The national capital recorded an above normal maximum temperature for the second consecutive day on Thursday after remaining in the grip of a prolonged cold spell, the longest since 1992.
The city recorded a high of 23 degrees Celsius, three notches above normal, and a low of 4.6 degrees Celsius, three degrees below normal.
On Wednesday, Delhi recorded a maximum of 20.5 degrees Celsius, a notch above normal. It was the first time in 23 days that the maximum temperature was above normal in the national capital.
The minimum temperature is also expected to rise to 7 degrees Celsius in the next two days, weather experts said.
However, the pollution levels in the city remained "severe" (AQI 417) on Thursday and weather experts said no major improvement was expected in the air quality unless a fresh western disturbance triggered widespread rains in the region.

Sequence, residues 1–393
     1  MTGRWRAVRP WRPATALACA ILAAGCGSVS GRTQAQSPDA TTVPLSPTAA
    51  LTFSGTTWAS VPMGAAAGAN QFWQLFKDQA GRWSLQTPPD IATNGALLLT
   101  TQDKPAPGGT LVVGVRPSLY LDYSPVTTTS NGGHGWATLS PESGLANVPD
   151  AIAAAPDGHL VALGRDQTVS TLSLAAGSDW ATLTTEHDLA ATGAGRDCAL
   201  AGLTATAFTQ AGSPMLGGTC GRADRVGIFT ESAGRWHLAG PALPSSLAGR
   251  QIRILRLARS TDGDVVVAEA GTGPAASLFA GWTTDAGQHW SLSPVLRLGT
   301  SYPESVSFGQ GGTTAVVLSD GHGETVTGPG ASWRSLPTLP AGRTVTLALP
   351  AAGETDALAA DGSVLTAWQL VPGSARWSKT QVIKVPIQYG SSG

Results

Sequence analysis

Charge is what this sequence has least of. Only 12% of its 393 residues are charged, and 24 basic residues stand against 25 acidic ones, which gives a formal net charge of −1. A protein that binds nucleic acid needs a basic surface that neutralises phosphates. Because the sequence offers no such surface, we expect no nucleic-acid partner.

"Light rains were expected on Thursday but the clouds eluded the national capital. Another western disturbance is expected to trigger rains in the city anytime between January 6 and 8," Mahesh Palawat, vice president (meteorology and climate change), Skymet Weather, a private forecaster, said.
He added that the air quality would fluctuate between the "very poor" and "severe" categories until widespread rains washed away the pollutants.
A dense fog is predicted on Friday and the maximum and minimum temperatures will hover around 22 and 6 degrees Celsius respectively, the India Meteorological Department (IMD) said.